Security experts have long warned that it’s extremely dangerous to give your password to anyone, including your local police department. It not only exposes you to unreasonably intrusive analysis, but also exposes private details of everyone you have ever communicated with with online. If your friend wants to buy a gun does that mean the police should get to read every message you’ve ever sent them? The best thing we can do is reject these ideas right now to prevent bad privacy practices from become normalized.

It makes perfect sense to require background checks and other vetting before allowing someone to purchase a weapon, but setting any precedent that allows the government to demand social media passwords is extremely dangerous. If you care about privacy, and keeping a close eye on overreaching state power, please sign this petition and tell the NY State Senate that you oppose bill S9191.

Sign the petition from actionnetwork.org

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beau stantom mural Beau Stanton’s mural of Ava Gardner adorns the Robert F. Kennedy Community School in LA’s Koreatown. The mural is an homage to the famed Cocoanut Grove nightclub which stood nearby, and depicts the Old Hollywood film star in profile, palm trees and moorish architecture overlaid on her face. Behind her head, alternating rays of blue and orange in a sunburst pattern.japan rising sun flag Last month, the Wilshire Community Coalition sent a letter to the Los Angeles Unified School District requesting that the mural be censored. The group ludicrously claimed that the pattern was too similar to the Rising Sun Flag of Imperial Japan, a symbol loaded with pain and trauma for the Korean-American community that they likened it to the Swastika of German Nazism. The group wrote:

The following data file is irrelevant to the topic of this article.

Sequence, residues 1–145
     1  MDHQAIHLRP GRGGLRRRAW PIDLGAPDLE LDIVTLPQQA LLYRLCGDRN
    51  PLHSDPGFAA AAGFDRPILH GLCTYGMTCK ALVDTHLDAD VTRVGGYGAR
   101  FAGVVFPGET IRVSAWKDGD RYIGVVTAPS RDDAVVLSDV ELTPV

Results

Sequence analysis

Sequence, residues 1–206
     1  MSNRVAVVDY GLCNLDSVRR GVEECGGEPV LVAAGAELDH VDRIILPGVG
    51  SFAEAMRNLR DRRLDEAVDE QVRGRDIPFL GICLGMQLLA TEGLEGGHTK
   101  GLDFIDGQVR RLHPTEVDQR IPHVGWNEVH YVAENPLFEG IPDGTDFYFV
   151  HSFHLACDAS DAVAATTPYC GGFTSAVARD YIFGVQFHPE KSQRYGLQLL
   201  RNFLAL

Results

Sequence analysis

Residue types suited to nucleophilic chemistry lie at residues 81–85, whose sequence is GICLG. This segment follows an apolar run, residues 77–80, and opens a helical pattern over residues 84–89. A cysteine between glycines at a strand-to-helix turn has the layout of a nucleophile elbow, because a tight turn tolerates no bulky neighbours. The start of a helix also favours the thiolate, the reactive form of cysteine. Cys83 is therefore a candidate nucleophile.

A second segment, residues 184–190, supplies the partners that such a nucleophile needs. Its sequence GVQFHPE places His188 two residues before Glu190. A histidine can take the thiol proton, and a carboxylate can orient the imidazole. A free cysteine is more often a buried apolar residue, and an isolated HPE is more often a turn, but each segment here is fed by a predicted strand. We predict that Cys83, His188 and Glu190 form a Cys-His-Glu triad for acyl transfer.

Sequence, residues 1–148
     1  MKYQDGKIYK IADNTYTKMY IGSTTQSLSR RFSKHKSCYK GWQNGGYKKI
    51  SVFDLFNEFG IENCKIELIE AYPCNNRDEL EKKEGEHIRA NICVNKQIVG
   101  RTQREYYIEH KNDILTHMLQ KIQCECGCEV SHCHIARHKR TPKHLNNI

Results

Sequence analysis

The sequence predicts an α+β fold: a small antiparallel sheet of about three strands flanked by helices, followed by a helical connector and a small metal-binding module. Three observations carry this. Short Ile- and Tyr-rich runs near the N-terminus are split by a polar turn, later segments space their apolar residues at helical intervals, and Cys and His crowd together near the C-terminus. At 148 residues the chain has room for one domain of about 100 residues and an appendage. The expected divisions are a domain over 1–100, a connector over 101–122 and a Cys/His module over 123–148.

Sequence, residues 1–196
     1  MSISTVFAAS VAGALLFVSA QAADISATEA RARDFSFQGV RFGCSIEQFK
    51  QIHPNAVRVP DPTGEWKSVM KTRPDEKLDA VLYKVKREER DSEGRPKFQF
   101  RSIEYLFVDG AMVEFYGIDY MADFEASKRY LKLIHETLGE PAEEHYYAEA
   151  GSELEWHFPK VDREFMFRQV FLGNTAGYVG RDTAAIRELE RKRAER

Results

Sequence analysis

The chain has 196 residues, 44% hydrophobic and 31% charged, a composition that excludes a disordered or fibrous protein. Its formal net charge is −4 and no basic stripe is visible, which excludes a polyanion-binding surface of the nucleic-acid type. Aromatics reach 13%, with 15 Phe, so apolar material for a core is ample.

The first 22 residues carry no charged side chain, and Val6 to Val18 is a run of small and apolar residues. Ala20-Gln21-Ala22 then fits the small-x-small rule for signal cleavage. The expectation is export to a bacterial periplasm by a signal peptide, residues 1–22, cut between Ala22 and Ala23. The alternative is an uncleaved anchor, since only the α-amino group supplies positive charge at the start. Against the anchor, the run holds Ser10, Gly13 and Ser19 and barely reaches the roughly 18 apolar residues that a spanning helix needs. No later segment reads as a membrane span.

This work is extremely offensive and threatening to many survivors, descendants and community stakeholders who stand in absolute opposition of the Japanese Imperialism, Racism, ethnic hatred and crimes against humanity committed by the military aggression during the World War II

In response to their request, the LAUSD agreed to paint over the mural during winter break.

Los Angeles Times art critic Christopher Knight issued a scathing rebuke to the decision calling it deplorable. An innocent artist is being smeared as a promoter of hate speech, Knight wrote, his work unfairly attacked for something it is not. He went on to detail the ways in which the mural differed from the Rising Sun Flag, from the number of rays — 44 vs 32 — to the colors used, and the myriad sources in which similar motifs can be found. Deceptive claims have been weaponized to shut down free speech, he concluded. The school mural is not the scandal; LAUSD’s imminent censorship is.

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US Supreme Court After the recent censorship purge of over 800 independent media outlets on Facebook, the Supreme Court is now hearing a case that could have ramifications for any future attempts at similar purges.The United States Supreme Court has agreed to take a case that could change free speech on the Internet. Manhattan Community Access Corp. v. Halleck, No. 17-702, the case that it has agreed to take, will decide if the private operator of a public access network is considered a state actor.

The case could affect how companies like Facebook, Twitter, Instagram, Google and YouTube are governed. If the Court were to issue a far-reaching ruling it could subject such companies to First Amendment lawsuits and force them to allow a much broader scope of free speech from its users.

DeeDee Halleck and Jesus Melendez claimed that they were fired from Manhattan Neighborhood Network for speaking critically of the network. And, though the case does not involve the Internet giants, it could create a ruling that expands the First Amendment beyond the government.